As we have explained, proposals from the President and House Republicans to raise rents on the poorest recipients of federal housing assistance could impose unaffordable burdens on many of them. Some people might question whether the proposed increases are really that significant: who couldn't afford another $20-$25 per month?
Yesterday's post in this series highlighted a recent study from the National Poverty Center showing that the number of extremely poor families -- those living on less than $2 per person a day -- more than doubled between 1996 and 2011, to 1.46 million. The number of extremely poor children also doubled, to 2.8 million.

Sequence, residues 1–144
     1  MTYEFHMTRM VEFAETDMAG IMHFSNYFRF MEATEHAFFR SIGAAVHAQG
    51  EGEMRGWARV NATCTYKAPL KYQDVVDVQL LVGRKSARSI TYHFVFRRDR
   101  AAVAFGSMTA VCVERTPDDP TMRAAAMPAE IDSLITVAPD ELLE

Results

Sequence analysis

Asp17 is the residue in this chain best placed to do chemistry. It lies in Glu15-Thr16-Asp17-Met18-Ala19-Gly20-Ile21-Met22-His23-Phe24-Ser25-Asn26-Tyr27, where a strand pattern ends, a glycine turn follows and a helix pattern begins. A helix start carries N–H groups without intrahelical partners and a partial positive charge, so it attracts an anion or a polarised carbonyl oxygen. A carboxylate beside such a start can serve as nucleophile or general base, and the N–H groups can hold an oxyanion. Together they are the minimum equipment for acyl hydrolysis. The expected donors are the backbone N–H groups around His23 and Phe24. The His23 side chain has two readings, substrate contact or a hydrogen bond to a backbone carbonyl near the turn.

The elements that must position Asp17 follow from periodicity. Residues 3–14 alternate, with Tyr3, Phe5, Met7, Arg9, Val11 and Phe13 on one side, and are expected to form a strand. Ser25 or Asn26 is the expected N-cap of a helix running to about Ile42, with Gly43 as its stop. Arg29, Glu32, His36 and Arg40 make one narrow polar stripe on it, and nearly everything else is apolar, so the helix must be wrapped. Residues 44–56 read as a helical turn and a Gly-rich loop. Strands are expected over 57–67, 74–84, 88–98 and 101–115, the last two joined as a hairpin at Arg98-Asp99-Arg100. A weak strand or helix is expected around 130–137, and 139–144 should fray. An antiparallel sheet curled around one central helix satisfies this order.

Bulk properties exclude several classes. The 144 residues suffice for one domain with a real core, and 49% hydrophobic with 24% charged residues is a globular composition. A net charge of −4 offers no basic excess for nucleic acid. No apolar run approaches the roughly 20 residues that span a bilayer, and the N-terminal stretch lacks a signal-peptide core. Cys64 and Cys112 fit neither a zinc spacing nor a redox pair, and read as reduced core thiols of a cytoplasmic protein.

Note: This is the first in a series of posts on extreme poverty that CBPP will do this week.
Living on less than $2 per person a day is one World Bank definition of poverty for developing nations. Unfortunately, this threshold is increasingly relevant to the United States, according to a new study from the National Poverty Center.